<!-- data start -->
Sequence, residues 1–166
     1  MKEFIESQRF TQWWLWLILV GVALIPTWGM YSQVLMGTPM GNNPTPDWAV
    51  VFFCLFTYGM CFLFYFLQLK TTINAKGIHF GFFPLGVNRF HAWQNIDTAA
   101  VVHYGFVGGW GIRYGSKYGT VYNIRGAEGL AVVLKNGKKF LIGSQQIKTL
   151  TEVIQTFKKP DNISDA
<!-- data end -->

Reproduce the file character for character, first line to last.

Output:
Sequence, residues 1–166
     1  MKEFIESQRF TQWWLWLILV GVALIPTWGM YSQVLMGTPM GNNPTPDWAV
    51  VFFCLFTYGM CFLFYFLQLK TTINAKGIHF GFFPLGVNRF HAWQNIDTAA
   101  VVHYGFVGGW GIRYGSKYGT VYNIRGAEGL AVVLKNGKKF LIGSQQIKTL
   151  TEVIQTFKKP DNISDA